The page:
Harnessing Skills, Anticipating Challenges
Perhaps, not surprisingly, the survey also found that American professionals aren't exactly bubbling over with enthusiasm at the prospect of working in a multigenerational setting. Nearly 75 percent of managers surveyed view managing multigenerational teams as a challenge, citing different work expectations and a lack of comfort with younger employees managing older employees as the main concerns.
 
Fortunately for managers, EY officials say, the survey also delves into the strengths and weaknesses of each generation that can be leveraged to build a successful multigenerational team.
 
"As management shifts to younger generations, the research reveals areas companies can focus on to enhance skill sets, address the challenges of managing multiple generations, and retain and engage employees by understanding which workplace perks they may value most," Twaronite said. 
 
According to the survey, there are several "perceived strengths and weaknesses identified with each generation," including several associated with the newest players on the managerial scene: Gen Y.
 
"The most significant positives we uncovered about Gen Y are they are perceived to be very entrepreneurial, they scored very high on collaboration and being adaptable, and they received high marks for valuing diversity and inclusion," Twaronite said.
 
"Those are all incredibly important traits for managers. The findings mean Gen Y is able to cross borders on a team, which is a huge win for bigger and smaller organizations alike," Twaronite said. 
 
While Gen Y didn't rate as high as other generations for productivity, their high marks for being perceived as entrepreneurial indicate they possess essential skills to bring new opportunities and new clients to organizations.
 
"The fact that Gen Y is entrepreneurial means they are willing to adapt to change and try new things. They don't always need someone to tell them how to do things, and that's especially helpful for smaller firms when manpower is tight," Twaronite said.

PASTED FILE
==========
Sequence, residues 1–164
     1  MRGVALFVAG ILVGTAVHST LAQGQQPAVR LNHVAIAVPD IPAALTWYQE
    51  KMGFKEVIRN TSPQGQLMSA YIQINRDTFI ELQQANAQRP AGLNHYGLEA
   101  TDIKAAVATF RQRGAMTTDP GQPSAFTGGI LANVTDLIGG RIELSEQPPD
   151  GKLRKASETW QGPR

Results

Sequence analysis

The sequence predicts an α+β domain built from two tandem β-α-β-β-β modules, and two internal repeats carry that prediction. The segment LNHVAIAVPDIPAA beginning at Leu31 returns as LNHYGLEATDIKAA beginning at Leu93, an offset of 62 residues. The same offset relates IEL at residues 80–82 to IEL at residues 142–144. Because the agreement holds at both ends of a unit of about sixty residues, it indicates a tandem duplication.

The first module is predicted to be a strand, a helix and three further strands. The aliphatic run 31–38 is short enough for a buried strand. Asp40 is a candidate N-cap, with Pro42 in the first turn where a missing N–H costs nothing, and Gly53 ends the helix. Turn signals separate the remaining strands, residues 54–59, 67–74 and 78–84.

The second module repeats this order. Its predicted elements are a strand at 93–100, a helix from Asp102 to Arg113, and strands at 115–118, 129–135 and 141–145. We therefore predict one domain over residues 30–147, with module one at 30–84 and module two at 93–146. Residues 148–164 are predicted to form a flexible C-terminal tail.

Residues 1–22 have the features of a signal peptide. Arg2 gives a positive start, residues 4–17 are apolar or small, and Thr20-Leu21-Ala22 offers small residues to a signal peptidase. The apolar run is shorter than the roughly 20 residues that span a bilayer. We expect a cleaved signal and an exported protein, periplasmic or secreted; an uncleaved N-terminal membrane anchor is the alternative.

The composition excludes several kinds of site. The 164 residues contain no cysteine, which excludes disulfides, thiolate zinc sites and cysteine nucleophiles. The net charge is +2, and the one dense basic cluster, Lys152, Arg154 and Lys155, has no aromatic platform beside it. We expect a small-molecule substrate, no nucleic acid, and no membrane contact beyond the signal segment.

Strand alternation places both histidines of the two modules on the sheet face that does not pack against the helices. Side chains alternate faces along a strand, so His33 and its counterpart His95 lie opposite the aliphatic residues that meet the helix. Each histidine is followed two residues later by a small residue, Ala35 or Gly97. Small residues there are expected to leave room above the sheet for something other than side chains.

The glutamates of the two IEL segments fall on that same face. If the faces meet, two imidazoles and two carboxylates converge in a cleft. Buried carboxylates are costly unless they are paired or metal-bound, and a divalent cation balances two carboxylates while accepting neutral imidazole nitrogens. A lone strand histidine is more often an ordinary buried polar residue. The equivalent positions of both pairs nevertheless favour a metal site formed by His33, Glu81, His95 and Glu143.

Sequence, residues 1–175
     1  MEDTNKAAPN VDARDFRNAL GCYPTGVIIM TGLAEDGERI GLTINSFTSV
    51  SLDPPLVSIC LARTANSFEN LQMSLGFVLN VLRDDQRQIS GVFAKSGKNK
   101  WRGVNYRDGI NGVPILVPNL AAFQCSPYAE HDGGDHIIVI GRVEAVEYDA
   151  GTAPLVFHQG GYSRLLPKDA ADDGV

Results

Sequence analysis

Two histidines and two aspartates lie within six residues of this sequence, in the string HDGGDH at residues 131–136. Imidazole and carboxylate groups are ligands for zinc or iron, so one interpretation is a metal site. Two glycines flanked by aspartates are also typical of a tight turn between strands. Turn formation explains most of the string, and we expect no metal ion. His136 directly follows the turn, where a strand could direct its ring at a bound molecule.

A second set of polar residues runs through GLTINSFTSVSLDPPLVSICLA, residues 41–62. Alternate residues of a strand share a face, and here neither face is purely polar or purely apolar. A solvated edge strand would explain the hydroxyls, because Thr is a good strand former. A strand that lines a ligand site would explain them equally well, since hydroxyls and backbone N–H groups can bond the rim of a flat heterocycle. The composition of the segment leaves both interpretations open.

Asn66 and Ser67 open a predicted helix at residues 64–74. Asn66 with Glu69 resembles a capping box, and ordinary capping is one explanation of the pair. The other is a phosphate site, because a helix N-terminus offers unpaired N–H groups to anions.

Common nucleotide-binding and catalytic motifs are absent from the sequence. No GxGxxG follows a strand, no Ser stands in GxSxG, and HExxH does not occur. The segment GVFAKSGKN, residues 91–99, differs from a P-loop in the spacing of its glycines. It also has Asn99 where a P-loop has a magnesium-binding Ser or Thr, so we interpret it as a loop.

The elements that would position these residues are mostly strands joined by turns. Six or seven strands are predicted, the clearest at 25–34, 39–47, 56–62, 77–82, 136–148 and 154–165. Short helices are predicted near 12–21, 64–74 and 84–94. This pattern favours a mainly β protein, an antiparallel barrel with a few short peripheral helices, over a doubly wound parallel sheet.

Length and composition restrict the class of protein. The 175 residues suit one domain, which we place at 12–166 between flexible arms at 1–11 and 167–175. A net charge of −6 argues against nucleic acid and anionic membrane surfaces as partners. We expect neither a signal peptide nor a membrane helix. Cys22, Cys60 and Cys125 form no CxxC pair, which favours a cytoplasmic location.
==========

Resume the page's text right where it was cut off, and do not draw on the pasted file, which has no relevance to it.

On the flip side, the study reveals most challenges with Gen Y managers tend to be centered on their perceived lack of communication skills.
 
"I think to some extent it's miscommunication among generations that creates some of these challenges, along with different work experience and lack of comfort with different work styles," Twaronite said. "Because of time constraints, Gen Y has also had less opportunity for job shadowing to learn about decision making, executive presence, and how to present at board meetings." 
Managing the Mix
Once organization leaders understand how the survey explains the forces at play in their multigenerational workforce, Twaronite said they can use that information to refine the day-to-day operations of managing their age-diverse crew.
 
Twaronite and Darrington Hobson, a senior manager in assurance at Ernst & Young LLP, say EY's management techniques can be specifically honed for small to midsized accounting and financial organizations looking to enhance their teams.
 
Twaronite said the first step to managing the generational mix is to take a proactive approach to informing the diverse brew of ages and perspectives in your office. EY found it was critical to formally educate employees on generational differences and similarities, and, if possible, to tailor recruiting, talent development, and communications practices to best appeal to an increasing Millennial population. 
 
"Investments like these are a prerequisite for building high-performing, generationally diverse teams," Twaronite said.
 
For smaller to midsized organizations, Twaronite said it's especially important to formalize job shadowing for younger managers and intentionally build cross-generational teams that offer a diversity of thought and perspective.
 
Ultimately, Hobson said, he believes it's important that managers combine a common sense approach to dealing with people as well as exercising understanding backed by research to establish a truly cross-generational team.
 
Hobson says it's important for people to get to know each other, it's important for team leaders to know what motivates their people, and, as simple as it sounds, it's important to make everyone – regardless of whether they were born in the "summer of love" or came of age in the era of social media – feel their opinion is "valued, appreciated, and sought after." 
 
"I think of myself as a coach. As a coach, you know every position on the team is important to win. You have to identify people's strengths and weaknesses and focus on both. You have to put people in a position where they can be successful and, at the same time, challenge them to grow," Hobson said. "You have to understand each person's diverse experience isn't required on every project, but you always have to have a diverse set of experiences to adapt to different situations."